Scientists crack Peanut Allergy Problem
Researchers have successfully treated four individuals with peanut allergies using an approach called oral immuno-therapy.
Writing in the journal Allergy, lead author Dr Andy Clark, who is based at Addenbrooke's Hospital in Cambridge, explains how he and his team recruited four boys aged between nine and thirteen with established allergic reactions to peanuts. Blood tests on the children confirmed the presence of ciculating peanut antibodies, and injecting small amounts of peanut protein into the skin provoked signs of inflammation, proving that the boys were reacting to the nuts.
The children were then given daily doses of peanut flour containg the nut protein to eat every day. The starting doses were very small at just 5mg per day but this was doubled every two weeks until the participants were eating 800mg per day, equivalent to about four peanuts.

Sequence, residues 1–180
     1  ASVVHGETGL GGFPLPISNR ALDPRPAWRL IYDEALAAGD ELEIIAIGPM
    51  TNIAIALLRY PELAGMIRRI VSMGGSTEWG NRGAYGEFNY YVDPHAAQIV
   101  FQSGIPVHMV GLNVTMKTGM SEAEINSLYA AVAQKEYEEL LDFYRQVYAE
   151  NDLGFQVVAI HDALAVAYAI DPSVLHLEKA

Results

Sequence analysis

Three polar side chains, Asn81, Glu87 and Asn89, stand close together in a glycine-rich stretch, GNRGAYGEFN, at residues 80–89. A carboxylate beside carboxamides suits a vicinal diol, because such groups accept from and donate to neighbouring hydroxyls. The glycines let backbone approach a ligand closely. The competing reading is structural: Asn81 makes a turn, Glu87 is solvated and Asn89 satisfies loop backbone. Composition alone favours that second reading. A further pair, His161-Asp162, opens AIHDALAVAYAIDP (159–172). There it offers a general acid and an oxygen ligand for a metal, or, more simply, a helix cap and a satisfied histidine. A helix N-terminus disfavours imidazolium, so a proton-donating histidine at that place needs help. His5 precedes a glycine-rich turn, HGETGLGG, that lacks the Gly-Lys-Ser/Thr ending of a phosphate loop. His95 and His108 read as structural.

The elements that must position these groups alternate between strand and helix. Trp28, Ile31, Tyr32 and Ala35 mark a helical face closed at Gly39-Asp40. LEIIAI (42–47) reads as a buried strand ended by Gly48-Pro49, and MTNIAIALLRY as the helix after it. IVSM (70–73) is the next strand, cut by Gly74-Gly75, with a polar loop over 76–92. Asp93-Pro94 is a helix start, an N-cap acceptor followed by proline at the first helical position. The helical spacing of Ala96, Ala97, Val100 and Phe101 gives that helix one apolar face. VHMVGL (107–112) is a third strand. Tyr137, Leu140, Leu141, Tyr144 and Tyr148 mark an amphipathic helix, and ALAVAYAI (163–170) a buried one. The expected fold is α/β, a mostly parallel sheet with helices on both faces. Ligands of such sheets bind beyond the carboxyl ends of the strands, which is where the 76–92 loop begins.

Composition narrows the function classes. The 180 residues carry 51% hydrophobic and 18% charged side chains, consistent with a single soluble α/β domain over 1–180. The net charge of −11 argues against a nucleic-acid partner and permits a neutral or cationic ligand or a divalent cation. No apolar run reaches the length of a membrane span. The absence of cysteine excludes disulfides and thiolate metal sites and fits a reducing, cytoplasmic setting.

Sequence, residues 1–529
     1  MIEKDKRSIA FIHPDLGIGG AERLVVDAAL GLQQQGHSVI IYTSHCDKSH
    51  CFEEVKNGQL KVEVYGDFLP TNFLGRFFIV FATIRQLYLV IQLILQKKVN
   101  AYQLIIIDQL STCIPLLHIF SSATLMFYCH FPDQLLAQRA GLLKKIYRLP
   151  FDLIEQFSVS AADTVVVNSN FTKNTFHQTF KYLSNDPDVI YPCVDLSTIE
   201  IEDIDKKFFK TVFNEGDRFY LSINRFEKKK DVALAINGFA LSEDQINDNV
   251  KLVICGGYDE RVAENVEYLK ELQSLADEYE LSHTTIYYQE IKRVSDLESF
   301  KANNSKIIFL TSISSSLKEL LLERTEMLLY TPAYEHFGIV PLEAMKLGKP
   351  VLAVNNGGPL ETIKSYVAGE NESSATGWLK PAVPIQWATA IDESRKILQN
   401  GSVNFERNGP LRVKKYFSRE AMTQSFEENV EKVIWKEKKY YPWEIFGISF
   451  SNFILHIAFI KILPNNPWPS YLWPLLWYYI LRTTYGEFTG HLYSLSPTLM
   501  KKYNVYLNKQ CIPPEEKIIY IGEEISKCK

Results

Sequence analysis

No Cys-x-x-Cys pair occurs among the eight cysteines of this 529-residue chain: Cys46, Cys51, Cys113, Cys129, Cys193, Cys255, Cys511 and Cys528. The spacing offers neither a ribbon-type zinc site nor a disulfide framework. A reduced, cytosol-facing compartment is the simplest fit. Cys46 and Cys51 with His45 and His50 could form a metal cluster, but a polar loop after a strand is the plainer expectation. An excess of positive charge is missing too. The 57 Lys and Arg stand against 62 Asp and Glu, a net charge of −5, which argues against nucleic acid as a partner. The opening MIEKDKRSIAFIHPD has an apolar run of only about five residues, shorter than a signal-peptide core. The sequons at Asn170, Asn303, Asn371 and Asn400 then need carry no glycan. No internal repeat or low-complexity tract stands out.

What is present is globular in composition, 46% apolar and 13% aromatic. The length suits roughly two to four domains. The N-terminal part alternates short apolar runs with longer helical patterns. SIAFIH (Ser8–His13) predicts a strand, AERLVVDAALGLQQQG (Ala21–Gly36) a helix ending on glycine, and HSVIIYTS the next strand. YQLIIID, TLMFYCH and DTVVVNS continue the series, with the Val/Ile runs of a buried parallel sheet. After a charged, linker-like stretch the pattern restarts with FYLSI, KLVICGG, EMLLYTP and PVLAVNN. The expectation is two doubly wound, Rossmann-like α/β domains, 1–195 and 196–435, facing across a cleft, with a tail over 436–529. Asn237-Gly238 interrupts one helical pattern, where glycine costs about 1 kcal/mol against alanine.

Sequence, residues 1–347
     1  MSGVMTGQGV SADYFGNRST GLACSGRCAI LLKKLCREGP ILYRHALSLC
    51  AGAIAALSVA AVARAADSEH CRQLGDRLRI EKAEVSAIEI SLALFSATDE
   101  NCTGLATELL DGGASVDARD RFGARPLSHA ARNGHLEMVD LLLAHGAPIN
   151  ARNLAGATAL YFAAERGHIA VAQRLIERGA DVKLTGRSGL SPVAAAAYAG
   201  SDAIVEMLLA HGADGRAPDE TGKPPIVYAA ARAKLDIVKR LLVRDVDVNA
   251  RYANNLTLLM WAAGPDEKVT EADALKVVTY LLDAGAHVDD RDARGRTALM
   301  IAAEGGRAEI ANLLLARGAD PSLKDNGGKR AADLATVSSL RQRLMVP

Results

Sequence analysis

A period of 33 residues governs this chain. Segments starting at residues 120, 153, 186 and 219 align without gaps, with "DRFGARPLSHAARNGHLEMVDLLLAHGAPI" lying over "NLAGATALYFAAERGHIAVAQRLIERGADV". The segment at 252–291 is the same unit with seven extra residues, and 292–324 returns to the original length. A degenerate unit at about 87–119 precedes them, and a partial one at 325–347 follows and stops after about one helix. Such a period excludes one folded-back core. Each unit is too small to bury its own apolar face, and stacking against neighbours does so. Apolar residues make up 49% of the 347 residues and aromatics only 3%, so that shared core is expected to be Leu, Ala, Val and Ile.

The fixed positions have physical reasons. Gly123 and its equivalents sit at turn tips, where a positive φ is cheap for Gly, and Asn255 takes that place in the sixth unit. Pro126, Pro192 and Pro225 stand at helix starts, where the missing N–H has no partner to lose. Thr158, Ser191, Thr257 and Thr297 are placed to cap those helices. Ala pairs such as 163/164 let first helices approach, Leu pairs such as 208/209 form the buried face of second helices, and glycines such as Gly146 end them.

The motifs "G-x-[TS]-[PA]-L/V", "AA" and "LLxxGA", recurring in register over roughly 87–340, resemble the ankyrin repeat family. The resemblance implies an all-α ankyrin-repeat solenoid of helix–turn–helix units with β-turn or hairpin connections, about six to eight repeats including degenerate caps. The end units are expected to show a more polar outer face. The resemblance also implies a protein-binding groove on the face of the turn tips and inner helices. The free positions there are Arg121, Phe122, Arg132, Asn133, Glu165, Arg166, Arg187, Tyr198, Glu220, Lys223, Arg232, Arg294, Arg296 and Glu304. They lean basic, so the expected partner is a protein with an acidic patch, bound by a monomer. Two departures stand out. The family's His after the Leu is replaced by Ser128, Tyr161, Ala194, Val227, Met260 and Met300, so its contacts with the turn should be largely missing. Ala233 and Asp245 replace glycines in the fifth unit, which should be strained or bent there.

After a further six weeks at this top dose the volunteers were then "challenged" with twelve whole peanuts, which they were all able to consume without ill effects. During the study the volunteers were equipped with antihistamines and adrenaline syringes in case of anaphylaxis, but apart from mild reactions the process was well tolerated by the subjects who have now been prescribed a daily peanut ration of five nuts per day to ensure their new-found "tolerance" for the food is maintained.
Both the patients and the researchers are delighted with the results but they do caution that it's a small trial and not something that should be undertaken outside of a properly monitored medical setting.
"Don't try this at home," says Clark.